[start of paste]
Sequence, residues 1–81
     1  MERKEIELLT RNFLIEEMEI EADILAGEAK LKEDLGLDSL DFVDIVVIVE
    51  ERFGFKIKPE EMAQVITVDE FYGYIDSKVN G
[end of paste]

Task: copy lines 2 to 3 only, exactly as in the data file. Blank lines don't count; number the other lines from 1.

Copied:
     1  MERKEIELLT RNFLIEEMEI EADILAGEAK LKEDLGLDSL DFVDIVVIVE
    51  ERFGFKIKPE EMAQVITVDE FYGYIDSKVN G